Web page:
|In This Issue|
|2013 Crop: What To Watch For|
|Interesting Harvest Results|
|PB For OK|
PB For OK
The peanut industry once again comes to the aid of those in need.
The catchy lyrics of Rodgers and Hammerstein’s famous musical belie what the wind can really do on the Oklahoma plains.
For a few days in late May, the wind spun a record-breaking path of destruction near Shawnee and in Moore, Okla. Tornadoes did more than send the wheat fields waving, but as soon as the dust cleared, the peanut industry sprang into action to make sure food banks would have peanut butter on the shelves.
The peanut industry’s disaster relief initiative, Peanut Proud, made several deliveries to Oklahoma by the first full week of June. After sending more than 30,000 jars of peanut butter, Peanut Proud worked to collect another 18 pallets of peanut butter and supplies at Lineage/Flint River in Albany, Ga., on a Southern Ag semi. It traveled to Texas where it collected four more pallets of peanut butter from the Texas Peanut Producers. Included on that truck was a pallet of supplies donated by the Tifton Fire Department and a pallet donated by the Miller County Board of Education.
Sending The Perfect Food
Regarding that delivery, Gregg Grimsley, President of Peanut Proud, said, “We are very thankful to be able to send another 28,000 jars of peanut butter. We would like to remind our industry that disasters can occur at any time and you can still donate to the disaster relief efforts online at www.peanutproud.org.”
Peanut Proud would like to thank all the product and service donors who helped make the shipments possible: Kroger Tara Foods, American Blanching Company, J.B. Sanfilippo, Lineage/Flint River Services and Southern Ag Trucking. In addition, a heartfelt thanks to all the industry organizations and individuals who have made financial contributions as well as those who have volunteered their time.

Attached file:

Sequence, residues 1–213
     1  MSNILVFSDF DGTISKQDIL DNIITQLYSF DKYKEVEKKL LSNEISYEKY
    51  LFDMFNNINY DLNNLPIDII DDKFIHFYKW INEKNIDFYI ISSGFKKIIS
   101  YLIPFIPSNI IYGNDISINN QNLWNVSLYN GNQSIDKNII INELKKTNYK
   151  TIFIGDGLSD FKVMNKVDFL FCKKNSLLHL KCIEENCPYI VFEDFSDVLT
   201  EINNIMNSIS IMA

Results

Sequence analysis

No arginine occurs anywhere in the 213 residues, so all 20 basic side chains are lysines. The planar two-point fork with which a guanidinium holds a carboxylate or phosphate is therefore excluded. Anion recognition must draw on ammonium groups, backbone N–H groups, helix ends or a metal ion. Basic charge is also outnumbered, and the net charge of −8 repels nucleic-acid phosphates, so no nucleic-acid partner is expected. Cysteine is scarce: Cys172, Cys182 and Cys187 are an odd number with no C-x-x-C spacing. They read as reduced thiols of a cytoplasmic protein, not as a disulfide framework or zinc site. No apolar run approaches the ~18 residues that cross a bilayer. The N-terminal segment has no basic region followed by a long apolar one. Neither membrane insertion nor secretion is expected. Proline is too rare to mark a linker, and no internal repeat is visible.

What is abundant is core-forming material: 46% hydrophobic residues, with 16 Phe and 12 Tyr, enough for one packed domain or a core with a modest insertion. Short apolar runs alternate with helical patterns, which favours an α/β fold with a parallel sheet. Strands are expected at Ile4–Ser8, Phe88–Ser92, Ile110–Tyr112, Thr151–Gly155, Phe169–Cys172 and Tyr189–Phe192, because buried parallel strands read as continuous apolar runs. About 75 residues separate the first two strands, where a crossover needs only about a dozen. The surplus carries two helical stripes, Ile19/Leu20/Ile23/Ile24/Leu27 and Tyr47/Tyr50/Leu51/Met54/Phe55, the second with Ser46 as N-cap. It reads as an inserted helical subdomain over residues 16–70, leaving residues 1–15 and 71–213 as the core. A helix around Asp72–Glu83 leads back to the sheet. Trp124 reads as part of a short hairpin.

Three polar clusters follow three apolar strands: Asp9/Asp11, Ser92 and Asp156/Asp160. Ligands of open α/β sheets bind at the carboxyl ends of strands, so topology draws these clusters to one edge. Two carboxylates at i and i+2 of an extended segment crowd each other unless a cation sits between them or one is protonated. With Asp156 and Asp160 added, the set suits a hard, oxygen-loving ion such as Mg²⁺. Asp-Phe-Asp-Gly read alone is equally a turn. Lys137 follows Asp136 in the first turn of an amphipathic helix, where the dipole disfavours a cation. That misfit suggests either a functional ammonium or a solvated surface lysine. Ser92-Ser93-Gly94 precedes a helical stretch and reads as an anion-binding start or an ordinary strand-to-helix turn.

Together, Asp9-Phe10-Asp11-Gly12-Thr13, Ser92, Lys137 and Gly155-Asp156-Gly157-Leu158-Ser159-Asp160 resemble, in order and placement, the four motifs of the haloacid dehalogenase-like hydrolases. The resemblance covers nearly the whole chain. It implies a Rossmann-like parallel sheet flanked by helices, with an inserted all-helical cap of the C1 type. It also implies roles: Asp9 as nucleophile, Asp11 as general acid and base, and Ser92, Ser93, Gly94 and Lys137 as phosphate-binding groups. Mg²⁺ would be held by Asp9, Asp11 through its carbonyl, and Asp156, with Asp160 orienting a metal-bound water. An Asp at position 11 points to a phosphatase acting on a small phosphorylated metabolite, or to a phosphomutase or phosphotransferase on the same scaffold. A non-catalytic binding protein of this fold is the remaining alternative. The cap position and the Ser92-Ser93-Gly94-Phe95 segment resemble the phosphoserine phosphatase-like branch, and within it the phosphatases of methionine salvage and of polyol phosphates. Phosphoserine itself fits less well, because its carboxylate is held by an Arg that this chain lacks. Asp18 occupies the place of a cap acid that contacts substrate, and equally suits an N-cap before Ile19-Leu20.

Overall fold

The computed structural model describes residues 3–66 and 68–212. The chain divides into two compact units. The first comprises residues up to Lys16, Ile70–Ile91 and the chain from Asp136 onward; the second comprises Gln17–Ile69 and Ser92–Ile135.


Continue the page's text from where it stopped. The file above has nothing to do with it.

The Georgia Peanut Commission donated $5,000 towards the project.
“We as peanut farmers in the state of Georgia are excited to be taking part in the donation to help families in Oklahoma during this difficult time,” said Tim Burch, Georgia Peanut Commission board member. “Peanut butter is the perfect food in a situation like this since it does not have to be refrigerated, does not require cooking and delivers a nutritional punch that is life-sustaining.”
Receiving A Blessing
Oklahoma’s peanut industry has a dedicated group of folks working on their behalf each day, and when the trucks rolled in, they were there to meet it. Mike Kubicek, Oklahoma Peanut Commission executive director, and his wife, Kianna, and Gayle White, National Peanut Board member, along with her husband Joe, helped coordinate the deliveries.
“Standing at ground zero and watching the collective cleanup efforts of so many volunteers and hearing first-hand stories of ‘miracles’ and human compassion tugs at your heart and leaves a lasting impression,” Kubicek said.
Kubicek and others are working with the Oklahoma Emergency Management Association to deliver the peanut products to at least three distribution centers in the area surrounding towns of Moore and Shawnee, Okla. The First Baptist Church of Moore was command central for tornado relief efforts in that city. The Federal Emergency Management Association, American Red Cross and Southern Baptist Disaster Relief Mission Teams, along with other specially trained organizations, were set up at this location.
Make donations to Peanut Proud online at www.peanutproud.com or send a check payable to “Peanut Proud” to “Project Oklahoma Relief,” c/o Peanut Proud, P.O. Box 446, Blakely, Ga., 39823.
“On behalf of my fellow Oklahomans and the Board of Directors of the Oklahoma Peanut Commission, I would like to express our heartfelt thanks to each of the individuals, companies and organizations that support the humanitarian efforts of Peanut Proud and so generously provided the product donations for the Oklahoma Tornado Relief effort,” Kubicek said.
Peanut Proud is still taking donations for Oklahoma tornado relief and will be ready when the next humanitarian effort is needed.